Policy roundup: May 2024

  • 15 May 2024
  • RCOphth Policy team

Welcome to the first in a new series of advocacy updates, in which we share our latest policy and public affairs activities and successes.

As the voice of the profession, we work closely with our members, partners across the eye care sector and policymakers to improve public policy so key challenges facing ophthalmology services across the UK are recognised and addressed.

Over the last six weeks, we’ve:

  • Informed two Westminster debates on eye care

Parliament debated eye care services not once but twice on 30 April. Having briefed several MPs on the actions we believe must be taken to secure comprehensive ophthalmology services, we were pleased to see the government questioned on its Elective Recovery Taskforce implementation plan commitment to evaluate the impact of the independent sector on long-term NHS capacity.

We were also delighted that Margaret Greenwood MP highlighted our policy asks around additional ophthalmology specialty training places, better integration with optometry services, and reform of commissioning to ensure the independent sector supports a comprehensive NHS service.

Another highlight was hearing Labour reaffirm its commitment to “turbocharge access to ophthalmology services” via a reform to the optometry contract that would enable optometrists to deliver more outpatient appointments.


  • Helped secure a commitment to accelerate the rollout of an electronic patient record system in Wales

In recent months, our Llywydd has been working hard with partners in Wales to reignite the stalled rollout of a national electronic patient record system that we believe will provide practical support to clinicians, improve patient care, and help deliver the country’s ambitious plans to regionalise eye care services.

So, we were pleased to see the Chair of the Health and Social Care Committee, Russell George MS, secure a public commitment from the Welsh Government that a joint technical, procurement and rollout plan will be submitted to the Cabinet Secretary for Health by August 2024.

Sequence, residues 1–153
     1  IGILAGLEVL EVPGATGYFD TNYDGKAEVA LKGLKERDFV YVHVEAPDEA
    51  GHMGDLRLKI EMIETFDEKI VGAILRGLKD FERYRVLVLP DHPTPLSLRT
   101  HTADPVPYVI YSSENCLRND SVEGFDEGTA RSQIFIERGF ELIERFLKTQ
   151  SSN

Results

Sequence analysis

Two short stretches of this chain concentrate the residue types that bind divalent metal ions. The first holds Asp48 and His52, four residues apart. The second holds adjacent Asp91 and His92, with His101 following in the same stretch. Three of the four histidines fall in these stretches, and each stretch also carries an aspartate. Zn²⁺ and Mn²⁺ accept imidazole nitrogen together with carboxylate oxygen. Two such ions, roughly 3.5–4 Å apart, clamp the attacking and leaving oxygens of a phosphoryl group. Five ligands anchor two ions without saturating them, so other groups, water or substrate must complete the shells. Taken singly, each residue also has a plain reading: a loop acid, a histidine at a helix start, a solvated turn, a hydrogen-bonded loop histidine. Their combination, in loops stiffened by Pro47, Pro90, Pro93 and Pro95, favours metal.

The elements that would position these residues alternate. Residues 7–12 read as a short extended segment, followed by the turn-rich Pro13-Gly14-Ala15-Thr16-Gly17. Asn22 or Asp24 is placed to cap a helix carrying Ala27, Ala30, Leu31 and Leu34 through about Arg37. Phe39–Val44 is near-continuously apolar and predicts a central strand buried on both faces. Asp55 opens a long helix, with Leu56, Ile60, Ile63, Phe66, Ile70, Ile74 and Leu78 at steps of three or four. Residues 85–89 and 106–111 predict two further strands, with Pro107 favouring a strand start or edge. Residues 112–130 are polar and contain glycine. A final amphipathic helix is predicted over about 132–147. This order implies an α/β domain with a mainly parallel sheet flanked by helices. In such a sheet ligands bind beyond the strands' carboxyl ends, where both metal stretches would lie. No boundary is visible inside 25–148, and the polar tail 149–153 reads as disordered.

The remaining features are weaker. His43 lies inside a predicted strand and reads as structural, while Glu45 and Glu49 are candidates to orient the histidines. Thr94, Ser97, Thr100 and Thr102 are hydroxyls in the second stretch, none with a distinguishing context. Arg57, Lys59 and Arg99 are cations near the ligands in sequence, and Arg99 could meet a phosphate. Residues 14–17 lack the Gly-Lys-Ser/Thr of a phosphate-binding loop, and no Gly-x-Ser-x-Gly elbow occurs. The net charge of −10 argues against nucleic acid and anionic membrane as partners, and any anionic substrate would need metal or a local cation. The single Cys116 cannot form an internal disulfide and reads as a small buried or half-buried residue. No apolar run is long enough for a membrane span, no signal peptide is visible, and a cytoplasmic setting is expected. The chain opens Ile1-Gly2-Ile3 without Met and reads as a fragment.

• Successfully highlighted the importance of protecting NHS staff mental health and wellbeing services

In April, we and several other royal colleges wrote a joint letter to the Secretary of State for Health and Social Care Victoria Atkins, NHS England’s Chief Executive Amanda Pritchard and  Chief Workforce Officer Dr Navina Evans to seek assurances that staff mental health and wellbeing services would remain in place while NHSE reviews current provision.

As such, we welcomed NHSE’s subsequent announcement that the NHS Practitioner Health Service for secondary care doctors and senior NHS staff would be extended by 12 months.


  • Input to a consultation on patient safety improvements

NHSE recently sought views on whether the existing Never Events Framework remains an effective mechanism for driving improvements in patient safety. Our response highlighted that harm in ophthalmology is primarily due to capacity issues within the outpatient setting and an absence of strong systemic barriers, and called on NHSE to address factors driving capacity shortages and to work with us to define terms for events where delay to treatment and diagnosis have caused harm.

Read our response in full here.


What’s coming up?

As well as progressing work across our three policy priorities, over the next month we’ll be hosting two policy-focused sessions at EyeConUK:

  • Tuesday 21 May (14:30 – 15:30) – ‘Seeing the whole picture: What next for integrated eye care?’
  • Wednesday 22 May (08:00 – 09:00) – ‘What does eye care need to see from the next government?’

Each session will see a panel of experts from ophthalmology, optometry, NHSE, the Department of Health Northern Ireland and patient charities discuss the most urgent policy priorities facing ophthalmology, including  workforce capacity, better integrated care with optometry and the role played by independent sector providers.

Register today to join discussions about the future of your specialty.